Jodie and Gaël had already started researching this topic, and I joined the Science Vis lab to help develop the animations and conduct the studies with undergraduate biology students. In part, we were interested in understanding how best to convey the inherent randomness of molecular activity, but it quickly became clear how difficult it was for us to tease apart students’ pre-existing conceptions of cells and molecules. Until we grapple with the confusion and misconceptions that exist (and these are diverse), it's hard to address these in animations. We ended up doing a large-scale online "personalized quiz" to try to characterize how students think about how molecules move and interact, which it turns out is not an easy thing to assess.



How has what you learned doing this research carried through your work since, particularly the animations you’ve done for your YouTube channel, Biocinematics?


One thing that stuck with me was that our depictions of cell-scapes and molecules can imply realities we may not intend. In other words, some people interpret illustrations and animations as real captured images, or close to that: "Are those the real colours?", "Do they really move like that?", "Is the cytoplasm that sparsely populated?". Since we can never be entirely true to reality, in my YouTube animations I've made an effort to explain more how my videos are "illustrations" and why different representations are being used. Those clarifications are still not easy to convey, but I think it's worth considering.




Have you seen any recent medical/non-medical work that has been inspiring for you?


The watercolor work of David Goodsell has been inspiring me lately. He brings a clarity and simplicity to subjects of incredible complexity that is both paradoxical and beautiful. I also recently played an indie video game called Gris that appears to combine watercolor and hand-drawn animation to provide a mesmerizing, immersive experience. It really captured me. I've been thinking about NPR (non-photorealistic rendering) styles lately, so it was intriguing from that point of view.



I understand that you developed multiple pipelines for the medical animation workflow during your time as a 3D Biomedical Technical Artist at AXS Studio. Can you talk a little bit about this, and has this been an important element in your now independent animation workflow?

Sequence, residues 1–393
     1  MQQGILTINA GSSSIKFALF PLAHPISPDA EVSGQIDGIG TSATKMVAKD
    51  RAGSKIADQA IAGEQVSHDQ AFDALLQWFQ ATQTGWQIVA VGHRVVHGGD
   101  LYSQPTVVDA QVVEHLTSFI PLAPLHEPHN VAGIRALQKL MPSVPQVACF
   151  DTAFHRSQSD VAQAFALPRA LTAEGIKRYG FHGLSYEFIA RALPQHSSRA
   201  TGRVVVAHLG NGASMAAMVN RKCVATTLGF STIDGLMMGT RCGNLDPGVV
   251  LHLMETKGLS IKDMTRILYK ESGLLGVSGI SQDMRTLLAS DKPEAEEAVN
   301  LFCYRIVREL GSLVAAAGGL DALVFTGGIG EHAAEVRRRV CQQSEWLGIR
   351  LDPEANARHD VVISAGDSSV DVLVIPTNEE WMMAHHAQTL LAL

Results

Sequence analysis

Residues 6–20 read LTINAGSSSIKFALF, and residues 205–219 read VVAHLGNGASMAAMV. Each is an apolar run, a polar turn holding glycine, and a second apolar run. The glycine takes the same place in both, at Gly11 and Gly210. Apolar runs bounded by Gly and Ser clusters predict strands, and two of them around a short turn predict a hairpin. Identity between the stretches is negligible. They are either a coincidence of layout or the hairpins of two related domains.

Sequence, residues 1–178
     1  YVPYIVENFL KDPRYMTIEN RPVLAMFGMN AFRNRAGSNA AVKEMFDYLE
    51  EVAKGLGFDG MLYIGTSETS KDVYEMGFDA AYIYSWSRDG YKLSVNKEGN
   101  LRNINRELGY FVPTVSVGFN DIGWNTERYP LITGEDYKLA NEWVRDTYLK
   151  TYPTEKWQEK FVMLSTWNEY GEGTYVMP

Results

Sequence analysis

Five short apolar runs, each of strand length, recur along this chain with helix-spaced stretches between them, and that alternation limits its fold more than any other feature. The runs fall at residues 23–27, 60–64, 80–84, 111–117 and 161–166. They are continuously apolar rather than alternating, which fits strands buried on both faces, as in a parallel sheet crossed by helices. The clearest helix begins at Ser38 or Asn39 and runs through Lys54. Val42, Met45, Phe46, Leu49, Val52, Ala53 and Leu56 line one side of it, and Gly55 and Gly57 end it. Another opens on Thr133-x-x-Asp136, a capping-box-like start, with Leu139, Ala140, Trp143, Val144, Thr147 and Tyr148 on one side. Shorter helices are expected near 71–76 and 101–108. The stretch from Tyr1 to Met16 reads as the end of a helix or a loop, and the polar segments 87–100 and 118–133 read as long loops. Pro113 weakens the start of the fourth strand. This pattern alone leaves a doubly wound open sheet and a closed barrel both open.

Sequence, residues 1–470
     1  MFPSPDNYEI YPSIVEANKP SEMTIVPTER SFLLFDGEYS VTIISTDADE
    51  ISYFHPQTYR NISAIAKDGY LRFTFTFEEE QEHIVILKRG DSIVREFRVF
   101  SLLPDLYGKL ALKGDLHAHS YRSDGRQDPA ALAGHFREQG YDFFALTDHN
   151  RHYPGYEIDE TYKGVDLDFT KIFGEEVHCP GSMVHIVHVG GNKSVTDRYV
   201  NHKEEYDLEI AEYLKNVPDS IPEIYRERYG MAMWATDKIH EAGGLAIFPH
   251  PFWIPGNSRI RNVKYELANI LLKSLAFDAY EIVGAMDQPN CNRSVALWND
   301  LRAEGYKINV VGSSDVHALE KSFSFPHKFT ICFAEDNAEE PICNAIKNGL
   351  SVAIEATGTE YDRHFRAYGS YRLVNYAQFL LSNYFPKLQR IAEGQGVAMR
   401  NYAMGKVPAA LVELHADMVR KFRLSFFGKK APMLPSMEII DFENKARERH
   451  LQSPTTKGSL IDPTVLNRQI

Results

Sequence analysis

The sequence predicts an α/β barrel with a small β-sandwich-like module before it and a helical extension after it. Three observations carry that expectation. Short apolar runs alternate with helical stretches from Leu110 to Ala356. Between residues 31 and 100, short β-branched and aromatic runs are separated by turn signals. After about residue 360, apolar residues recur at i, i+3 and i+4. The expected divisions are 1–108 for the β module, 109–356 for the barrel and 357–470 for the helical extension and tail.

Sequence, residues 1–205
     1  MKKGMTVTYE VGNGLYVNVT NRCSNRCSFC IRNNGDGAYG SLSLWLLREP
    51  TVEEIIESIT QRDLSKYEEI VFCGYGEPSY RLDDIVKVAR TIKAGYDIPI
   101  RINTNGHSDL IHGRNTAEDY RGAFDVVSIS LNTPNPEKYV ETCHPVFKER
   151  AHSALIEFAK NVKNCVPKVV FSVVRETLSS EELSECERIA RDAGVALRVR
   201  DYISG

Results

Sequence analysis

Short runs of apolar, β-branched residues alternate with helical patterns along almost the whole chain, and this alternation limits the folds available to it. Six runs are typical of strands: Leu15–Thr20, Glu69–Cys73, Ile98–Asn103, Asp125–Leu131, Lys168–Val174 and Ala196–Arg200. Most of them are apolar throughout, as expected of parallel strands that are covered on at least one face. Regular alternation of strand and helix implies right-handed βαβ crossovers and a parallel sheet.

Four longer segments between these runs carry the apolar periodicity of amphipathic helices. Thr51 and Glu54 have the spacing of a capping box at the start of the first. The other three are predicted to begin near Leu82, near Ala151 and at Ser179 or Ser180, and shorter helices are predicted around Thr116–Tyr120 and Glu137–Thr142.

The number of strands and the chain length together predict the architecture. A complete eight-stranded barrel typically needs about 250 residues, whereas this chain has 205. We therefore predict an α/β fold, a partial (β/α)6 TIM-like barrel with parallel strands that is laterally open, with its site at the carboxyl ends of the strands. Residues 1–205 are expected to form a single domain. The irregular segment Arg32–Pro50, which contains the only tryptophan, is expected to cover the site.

Part of my role at AXS was to help develop tools and workflows for the animation team and studio as a whole. I helped manage the render farm using Deadline, which I still use even as a solo animator on one computer. I created some tools to automate the setup of animation projects, and other tools to help with making various effects. Another effort was setting up and managing a database of the many visual assets produced by the studio. All of these automation and organization efforts are useful in helping me decide what systems and tools I might develop for my own work. Obviously constructing rigorous pipelines is more beneficial to larger teams, but I still find myself programming snippets and creating templates to speed up my workflow.




How did you go about taking on challenges within the workflow of creating videos for your YouTube channel, and having to take on new skills in order to do so?


After almost a decade of primarily Maya and After Effects, I've migrated to Houdini for animation and Blackmagic Design Fusion for compositing, which have fairly steep learning curves. However the overall sequence of steps (research, script, storyboard, models, animation, effects, rendering, compositing etc.) isn't too different from a BMC or studio animation. What I've found more of a challenge is the branding, self-promotion, and social media side of things. I suppose the other major challenge is managing my time and projects to have consistent, timely output. No one is safe from scope-creep.



How do you usually think of ideas for your YouTube videos?


While I'm not trying to create a comprehensive curriculum, I have a rough plan for covering biochemistry and molecular biology topics that I personally think everyone should know something about. I also try to discuss a subject in the context of an interesting question or relatable experience that hopefully makes it engaging for a general audience. For example, "Are You Really a Carbon Based Life Form?" introduces people to elements, atoms, and molecules. Other times I'll just have a question I'm personally curious about or don't fully understand, and will consider how to answer it through animation. I always try to make sure the topic relies on the visualization to convey an idea; in other words, hopefully viewers get a much deeper understanding of the material by watching, rather than by just listening to the narration.



Where do you think the future of animated/online education content is going?


That's a great question. I really don't know. I do think teachers are using more video and online content every year, but I also think that there's not a huge amount of consistently high quality educational animation available for life sciences. That's not to say there isn't some, but it's hard to know how much is getting into classrooms; sometimes there are cost or technology limitations. And animation resources are expensive and time-consuming to produce. I don't know that there's an obvious sustainable business model, but it's something I'd like to continue exploring.


BMCAA would like to express its thanks to Stuart Jantzen for taking the time to answer these questions and share his experiences in medical animation and research. Check out Stuart’s incredible work at http://www.biocinematics.com/.